Other Therapies Related to Obesity Prevention


For mood adjustment and weight reduction, Britain’s National Obesity Observatory recommends Behavioral Activation, which basically encourages patients to become more active, because withdrawal from life increases depression. The idea is, anyone who just stays home will miss out on “opportunities to be positively reinforced through pleasant experiences, social activity, or experiences of mastery.”

The usual course of treatment is 20-24 sessions. A briefer version (8-15 sessions) called BATD is also available, which helps the patient identify values that will help them decide which outside activities to engage in.


Rational Emotive Behavioral Therapy (REBT) belongs to the general category of cognitive-behavioral therapy. Developed by Dr. Albert Ellis, REBT is “based on the concept that emotions and behaviors result from cognitive processes.” In other words, with appropriate coaching, a person can learn how to think differently, which will in turn modify feelings and behavior.

Part of the work is to uncover subconscious core beliefs which may be erroneous. This is how Wayne Froggatt capsulizes the Ellis idea:

In this framework “A” represents an actual event or experience, and the person’s “inferences” or interpretations as to what is happening. “B” represents the “evaluative” beliefs that follow from these inferences. “C” represents the emotions and behaviors that follow from those evaluative beliefs.

REBT has been found useful in treating a wide range of problems, including eating disorders, addictions, and impulse control disorders. It is effective for couples therapy and family therapy, which many experts acknowledge as the most productive approach with obese children. It encourages self-observation and self-knowledge, and one big advantage is that it is active rather than passive.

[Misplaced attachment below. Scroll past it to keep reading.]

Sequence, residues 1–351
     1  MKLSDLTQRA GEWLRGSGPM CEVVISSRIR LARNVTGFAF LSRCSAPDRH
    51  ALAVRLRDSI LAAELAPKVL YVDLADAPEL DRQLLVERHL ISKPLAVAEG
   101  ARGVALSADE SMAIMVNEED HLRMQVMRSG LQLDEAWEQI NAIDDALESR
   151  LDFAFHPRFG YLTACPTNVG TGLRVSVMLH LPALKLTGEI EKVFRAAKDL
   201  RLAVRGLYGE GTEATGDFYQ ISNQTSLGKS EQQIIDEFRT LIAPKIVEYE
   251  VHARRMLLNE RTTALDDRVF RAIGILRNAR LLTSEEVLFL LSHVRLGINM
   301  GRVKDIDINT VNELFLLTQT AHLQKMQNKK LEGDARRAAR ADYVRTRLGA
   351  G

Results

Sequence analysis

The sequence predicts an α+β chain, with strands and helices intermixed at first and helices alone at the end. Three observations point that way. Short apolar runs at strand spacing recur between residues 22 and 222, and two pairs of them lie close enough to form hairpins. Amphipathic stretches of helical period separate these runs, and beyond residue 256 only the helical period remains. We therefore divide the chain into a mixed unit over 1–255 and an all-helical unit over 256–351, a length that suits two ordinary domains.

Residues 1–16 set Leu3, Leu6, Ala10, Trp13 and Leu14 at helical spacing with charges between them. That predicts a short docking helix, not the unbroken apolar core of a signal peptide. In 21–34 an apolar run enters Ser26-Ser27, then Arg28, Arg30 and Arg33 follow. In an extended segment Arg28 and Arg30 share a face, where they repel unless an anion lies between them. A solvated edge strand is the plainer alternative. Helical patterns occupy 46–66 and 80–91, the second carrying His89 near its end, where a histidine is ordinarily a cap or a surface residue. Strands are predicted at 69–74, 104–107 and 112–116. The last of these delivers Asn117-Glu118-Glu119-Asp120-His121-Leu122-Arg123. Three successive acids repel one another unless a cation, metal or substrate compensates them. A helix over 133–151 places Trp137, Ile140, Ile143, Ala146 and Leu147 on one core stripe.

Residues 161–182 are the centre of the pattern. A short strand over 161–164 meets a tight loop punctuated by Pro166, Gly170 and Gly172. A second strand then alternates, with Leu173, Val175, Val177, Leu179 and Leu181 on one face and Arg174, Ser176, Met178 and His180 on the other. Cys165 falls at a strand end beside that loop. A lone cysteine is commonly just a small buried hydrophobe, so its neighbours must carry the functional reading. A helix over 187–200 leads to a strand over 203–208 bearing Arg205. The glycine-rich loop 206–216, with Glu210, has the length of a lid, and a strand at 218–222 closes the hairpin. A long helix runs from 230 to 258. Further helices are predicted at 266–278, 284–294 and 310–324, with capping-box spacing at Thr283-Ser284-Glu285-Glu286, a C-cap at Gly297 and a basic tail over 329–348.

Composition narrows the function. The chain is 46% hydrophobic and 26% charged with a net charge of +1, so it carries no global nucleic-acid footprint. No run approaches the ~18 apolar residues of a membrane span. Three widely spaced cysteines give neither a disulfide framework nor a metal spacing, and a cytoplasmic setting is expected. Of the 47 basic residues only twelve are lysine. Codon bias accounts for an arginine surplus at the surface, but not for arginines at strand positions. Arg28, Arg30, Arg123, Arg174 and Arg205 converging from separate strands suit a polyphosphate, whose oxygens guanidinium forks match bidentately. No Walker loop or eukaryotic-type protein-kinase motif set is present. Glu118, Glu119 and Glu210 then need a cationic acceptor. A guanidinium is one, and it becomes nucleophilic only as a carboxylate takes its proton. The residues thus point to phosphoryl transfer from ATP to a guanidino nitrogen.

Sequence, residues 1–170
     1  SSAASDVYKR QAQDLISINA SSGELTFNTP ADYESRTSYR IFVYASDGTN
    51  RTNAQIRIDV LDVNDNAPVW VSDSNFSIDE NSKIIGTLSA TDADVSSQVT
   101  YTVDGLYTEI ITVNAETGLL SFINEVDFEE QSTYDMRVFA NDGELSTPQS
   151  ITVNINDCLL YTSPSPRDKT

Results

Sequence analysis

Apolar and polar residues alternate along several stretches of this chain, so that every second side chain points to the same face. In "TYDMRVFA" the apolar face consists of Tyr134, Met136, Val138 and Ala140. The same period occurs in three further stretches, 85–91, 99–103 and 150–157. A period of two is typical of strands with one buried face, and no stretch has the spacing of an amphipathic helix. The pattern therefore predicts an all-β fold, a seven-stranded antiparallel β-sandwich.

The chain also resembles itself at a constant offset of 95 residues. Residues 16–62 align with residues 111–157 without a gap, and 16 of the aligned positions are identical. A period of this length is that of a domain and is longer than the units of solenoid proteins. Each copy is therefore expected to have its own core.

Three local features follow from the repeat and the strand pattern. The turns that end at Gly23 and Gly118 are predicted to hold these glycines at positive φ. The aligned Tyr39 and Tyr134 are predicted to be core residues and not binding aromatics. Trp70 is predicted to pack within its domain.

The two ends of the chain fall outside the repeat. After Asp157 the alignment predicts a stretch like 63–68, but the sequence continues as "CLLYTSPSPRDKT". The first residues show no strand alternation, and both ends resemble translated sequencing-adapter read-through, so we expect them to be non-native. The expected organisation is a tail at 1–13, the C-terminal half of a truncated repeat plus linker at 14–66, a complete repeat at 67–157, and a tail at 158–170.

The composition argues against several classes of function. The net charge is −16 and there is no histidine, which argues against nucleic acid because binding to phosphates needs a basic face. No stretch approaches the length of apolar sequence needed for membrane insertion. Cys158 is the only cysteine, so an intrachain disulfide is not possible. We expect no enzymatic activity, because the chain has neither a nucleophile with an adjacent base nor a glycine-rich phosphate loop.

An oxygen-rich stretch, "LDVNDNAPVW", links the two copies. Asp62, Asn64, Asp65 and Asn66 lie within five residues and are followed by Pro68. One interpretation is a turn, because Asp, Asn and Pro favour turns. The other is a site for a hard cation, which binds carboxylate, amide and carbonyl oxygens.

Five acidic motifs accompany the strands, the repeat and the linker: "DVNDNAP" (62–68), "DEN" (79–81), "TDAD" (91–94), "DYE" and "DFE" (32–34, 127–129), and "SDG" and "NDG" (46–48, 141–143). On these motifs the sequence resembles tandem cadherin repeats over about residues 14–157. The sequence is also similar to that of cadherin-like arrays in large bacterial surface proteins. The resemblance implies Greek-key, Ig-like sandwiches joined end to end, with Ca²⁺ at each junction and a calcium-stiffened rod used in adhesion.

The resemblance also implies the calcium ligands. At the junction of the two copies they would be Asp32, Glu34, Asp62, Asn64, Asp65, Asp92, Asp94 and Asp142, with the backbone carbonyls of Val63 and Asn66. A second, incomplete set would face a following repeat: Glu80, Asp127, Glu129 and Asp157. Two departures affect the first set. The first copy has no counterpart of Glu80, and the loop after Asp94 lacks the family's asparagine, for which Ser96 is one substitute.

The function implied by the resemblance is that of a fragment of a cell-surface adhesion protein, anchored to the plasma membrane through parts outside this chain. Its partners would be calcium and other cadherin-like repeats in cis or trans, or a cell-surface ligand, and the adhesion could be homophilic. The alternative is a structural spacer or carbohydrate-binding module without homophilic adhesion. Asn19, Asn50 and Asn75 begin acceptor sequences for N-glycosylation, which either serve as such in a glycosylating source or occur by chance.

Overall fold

REBT is something that people do themselves, rather than something that is “done to them.” It is very different from Freudian and other approaches for this important reason:

An individual’s past is seen as relevant in that this is where much irrational thinking originates; but because uncovering the past is not usually helpful in changing how a person reacts in the present, REBT therapists do not engage in very much ‘archaeological’ exploration.

A client who wants to change a dysfunctional tendency is asked to deliberately behave in the opposite way, even if they are not “feeling it.” For instance, try acting like someone who loves to exercise. After a while, the person might find that they actually do love to exercise. Some call this the “fake it ’til you make it” method, and many people do find that it helps them to internalize the enthusiasm they initially only pretended to have.

Another valuable technique is to postpone gratification. One method is to wait five minutes before giving to a craving, then wait another five minutes, and so on. Often the craving will pass, or life events will intervene and remove the opportunity to act on it.

Delayed gratification is incorporated into Dr. Pretlow’s W8Loss2Go smartphone application. The person can spend a little time contemplating the visual “white noise” generator, which is calming, and helps settle that uneasy feeling of needing something to eat. The app also features the “Distractions Jar” that contains a number of ideas, either self-generated or suggested by friends, about things to do until the urge to snack goes away.

Your responses and feedback are welcome!

Source: “Treatment: Behavioral Activation for Depression,” div12.org, 2015
Source: “A Brief Introduction to Rational Emotive Behavior Therapy,” Rational.org, February 2005
Image by W8Loss2Go

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Childhood Obesity News | OVERWEIGHT: What Kids Say | Dr. Robert A. Pretlow
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